CHC Thesis Evaluation Criteria

After a thesis defense, Clark Honors College thesis committee members evaluate the quality of the overall thesis project and make a decision. The decisions are:



The student has produced work that is satisfactory in the five evaluation areas. Students may make minor revisions prior to final submission of the thesis.


Decision Withheld

In cases where revisions are required for the thesis to be considered completed, the committee may opt to withhold their decision. A timeline should be set for completion of revisions that provides time for them to be reviewed and the thesis submitted by the Thursday of Week 10 at noon.


Not Completed

This decision is for work that is unacceptable in most or all of the five areas. Very few Clark Honors College theses are given a "Not Completed" evaluation, not only because of the general high quality of the work turned in by Clark Honors College students, but also because thesis committee members discourage students from standing for oral examination if they are not prepared and the committee members have not read and approved of the thesis, at least conditionally.


The evaluation must reflect the student's performance in the following five areas:

Initiative and Self-Direction:

  • independence and initiative to conceive and see a project through to completion
  • evidence of strong problem-solving skills
  • productive, proactive, and effective communication with their committee

Relevance and/or Originality of Project:

  • ability to conceive of a project topic that is highly relevant within the field and for society more broadly
  • poses a problem that demonstrates critical analysis and interpretation or creative engagement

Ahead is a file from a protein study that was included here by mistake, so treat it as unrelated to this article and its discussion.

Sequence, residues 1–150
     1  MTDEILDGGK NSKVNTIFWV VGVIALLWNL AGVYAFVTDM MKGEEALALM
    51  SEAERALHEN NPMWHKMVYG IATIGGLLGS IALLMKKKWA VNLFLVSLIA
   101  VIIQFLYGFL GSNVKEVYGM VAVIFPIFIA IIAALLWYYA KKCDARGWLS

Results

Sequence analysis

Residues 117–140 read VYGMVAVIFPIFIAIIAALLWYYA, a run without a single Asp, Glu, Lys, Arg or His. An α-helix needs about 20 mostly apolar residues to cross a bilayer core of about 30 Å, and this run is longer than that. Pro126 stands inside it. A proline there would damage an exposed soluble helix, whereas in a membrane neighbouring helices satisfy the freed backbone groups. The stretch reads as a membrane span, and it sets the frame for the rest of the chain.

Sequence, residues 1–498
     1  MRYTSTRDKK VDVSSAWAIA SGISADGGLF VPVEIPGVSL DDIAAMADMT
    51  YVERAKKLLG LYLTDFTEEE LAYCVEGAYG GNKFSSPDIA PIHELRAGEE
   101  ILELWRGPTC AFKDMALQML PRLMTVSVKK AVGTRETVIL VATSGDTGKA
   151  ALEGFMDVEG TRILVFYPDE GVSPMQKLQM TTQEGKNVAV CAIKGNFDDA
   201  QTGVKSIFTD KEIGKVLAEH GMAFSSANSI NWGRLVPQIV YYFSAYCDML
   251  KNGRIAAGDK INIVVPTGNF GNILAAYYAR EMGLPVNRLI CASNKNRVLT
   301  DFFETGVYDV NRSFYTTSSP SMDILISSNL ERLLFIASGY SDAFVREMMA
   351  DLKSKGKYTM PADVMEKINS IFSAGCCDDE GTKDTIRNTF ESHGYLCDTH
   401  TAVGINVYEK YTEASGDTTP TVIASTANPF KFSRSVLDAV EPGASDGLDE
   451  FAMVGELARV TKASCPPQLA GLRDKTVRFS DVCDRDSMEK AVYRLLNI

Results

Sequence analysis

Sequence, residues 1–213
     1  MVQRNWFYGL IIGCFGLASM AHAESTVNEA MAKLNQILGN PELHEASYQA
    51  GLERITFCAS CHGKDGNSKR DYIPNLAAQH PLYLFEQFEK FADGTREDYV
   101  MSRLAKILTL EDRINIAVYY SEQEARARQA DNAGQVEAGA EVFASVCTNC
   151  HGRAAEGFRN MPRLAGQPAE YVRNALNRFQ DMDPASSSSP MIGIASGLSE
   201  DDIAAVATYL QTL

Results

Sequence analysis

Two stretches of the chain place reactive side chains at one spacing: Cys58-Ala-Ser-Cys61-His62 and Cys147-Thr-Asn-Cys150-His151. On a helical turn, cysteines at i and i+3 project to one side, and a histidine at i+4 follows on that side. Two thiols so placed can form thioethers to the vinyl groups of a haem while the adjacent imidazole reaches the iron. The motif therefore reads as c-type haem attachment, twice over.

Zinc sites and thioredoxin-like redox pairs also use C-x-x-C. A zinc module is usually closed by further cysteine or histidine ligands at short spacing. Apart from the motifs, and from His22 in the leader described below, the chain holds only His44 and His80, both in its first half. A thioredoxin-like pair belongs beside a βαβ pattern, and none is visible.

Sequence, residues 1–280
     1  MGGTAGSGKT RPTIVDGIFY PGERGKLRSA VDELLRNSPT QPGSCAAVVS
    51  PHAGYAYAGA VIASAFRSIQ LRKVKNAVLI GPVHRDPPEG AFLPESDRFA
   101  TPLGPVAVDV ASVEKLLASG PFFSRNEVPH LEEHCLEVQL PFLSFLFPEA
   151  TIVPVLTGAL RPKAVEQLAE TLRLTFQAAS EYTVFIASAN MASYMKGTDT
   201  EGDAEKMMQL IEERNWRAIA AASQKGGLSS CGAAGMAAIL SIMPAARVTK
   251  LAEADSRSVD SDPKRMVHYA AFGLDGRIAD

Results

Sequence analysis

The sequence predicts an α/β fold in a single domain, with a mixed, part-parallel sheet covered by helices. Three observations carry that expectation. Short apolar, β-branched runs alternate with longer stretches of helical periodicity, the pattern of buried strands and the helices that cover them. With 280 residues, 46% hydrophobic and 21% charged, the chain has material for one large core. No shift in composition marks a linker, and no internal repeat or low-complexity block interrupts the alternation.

• asks relevant research questions or situates project in a way that builds on four years of study within a specific major and within a particular area

Project Quality and Mastery:

  • demonstrates use of relevant methods, skills, and practices to thoroughly and effectively investigate a research topic or complete a project according to the standards of the field
  • shows mastery of the relevant content, data, secondary literature, and research material; logically and clearly articulates the project goals, research questions, arguments, and/or outcomes
  • shows mastery of information related to the project topic, field, and discipline
  • demonstrates concrete evidence of critical analysis and interpretation

Writing Quality:

  • ability to conceive, frame, and convey arguments eloquently and with compelling evidence
  • demonstrates one's own intellectual contributions and conclusions that are accurate and compelling to their audience
  • ability to organize project documentation with sophisticated ideas in a clear, well-organized, structured, accessible way
  • the writing adheres to discipline-specific styles while also speaking across fields and audiences
  • clear and concise writing that is free of errors and uses correct citation style for the field

Oral Defense Quality:

  • delivered a well-organized, engaging, and polished presentation with information that is accurate and compelling
  • showed ability to communicate orally one's project questions, arguments, results, and broader conclusions
  • conveyed complex and difficult concepts clearly to both specialists and a broad audience
  • demonstrated capacity to think in the moment and respond effectively to questions from the thesis committee and audience